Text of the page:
Date of Award
Josef Korbel School of International Studies
Paul R. Viotti, Ph.D.
International relations theory, Iran, Nuclear weapons, Proliferation, Realism, Turkey
The world is shifting from a unipolar system following the end of the Cold War to a multipolar system that is ushered in by "the rise of the rest." This change in the global structure has led some analysts to predict an increase in nuclear weapons proliferation caused by increased uncertainty and a decrease in alliances and security assurances. Nuclear proliferation, however, will not increase because these types of predictions are founded upon realist assumptions that inaccurately predict the characteristics of the emerging multipolar system as well as inaccurately understanding calculations of states with regard to nuclear weapons programs. I review a variety of literature concerning international politics theory and nuclear weapons forming a theoretical framework and use Iran and Turkey as case studies to test my hypothesis.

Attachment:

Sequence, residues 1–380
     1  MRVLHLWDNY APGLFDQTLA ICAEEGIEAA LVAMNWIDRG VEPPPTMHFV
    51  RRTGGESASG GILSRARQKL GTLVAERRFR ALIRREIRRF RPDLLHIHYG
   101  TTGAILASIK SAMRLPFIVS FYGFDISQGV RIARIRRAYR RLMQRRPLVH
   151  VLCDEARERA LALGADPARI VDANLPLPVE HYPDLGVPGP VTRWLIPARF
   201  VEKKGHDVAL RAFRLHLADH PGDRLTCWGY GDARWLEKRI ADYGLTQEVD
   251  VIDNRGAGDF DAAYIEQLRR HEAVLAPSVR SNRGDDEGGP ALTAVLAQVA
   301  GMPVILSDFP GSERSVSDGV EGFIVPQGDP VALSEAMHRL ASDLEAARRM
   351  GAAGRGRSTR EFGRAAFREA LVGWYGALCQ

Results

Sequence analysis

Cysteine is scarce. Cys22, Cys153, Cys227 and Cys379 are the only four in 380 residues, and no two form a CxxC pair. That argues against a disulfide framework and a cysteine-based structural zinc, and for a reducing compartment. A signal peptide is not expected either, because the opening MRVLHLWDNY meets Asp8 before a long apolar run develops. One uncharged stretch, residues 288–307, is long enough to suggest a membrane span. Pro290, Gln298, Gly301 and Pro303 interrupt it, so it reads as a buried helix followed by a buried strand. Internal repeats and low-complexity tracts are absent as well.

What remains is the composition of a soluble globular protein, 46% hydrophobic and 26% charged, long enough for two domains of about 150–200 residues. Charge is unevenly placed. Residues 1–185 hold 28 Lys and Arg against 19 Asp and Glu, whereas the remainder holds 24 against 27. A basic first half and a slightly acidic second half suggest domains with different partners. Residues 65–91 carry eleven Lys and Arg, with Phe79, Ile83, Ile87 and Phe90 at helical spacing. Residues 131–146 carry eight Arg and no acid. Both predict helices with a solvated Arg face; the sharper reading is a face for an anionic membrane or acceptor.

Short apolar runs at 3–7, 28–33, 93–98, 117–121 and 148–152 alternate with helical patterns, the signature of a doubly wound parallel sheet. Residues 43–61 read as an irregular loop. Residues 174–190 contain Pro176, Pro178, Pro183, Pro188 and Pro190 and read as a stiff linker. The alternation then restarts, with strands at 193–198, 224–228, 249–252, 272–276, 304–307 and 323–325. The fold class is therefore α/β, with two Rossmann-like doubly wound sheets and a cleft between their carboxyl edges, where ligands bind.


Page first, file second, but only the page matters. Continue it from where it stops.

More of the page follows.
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Moore, Jonathan David, "Products of Their Environment? Nuclear Proliferation and the Emerging Multipolar International System" (2011). Electronic Theses and Dissertations. 446.
Received from ProQuest
Jonathan David Moore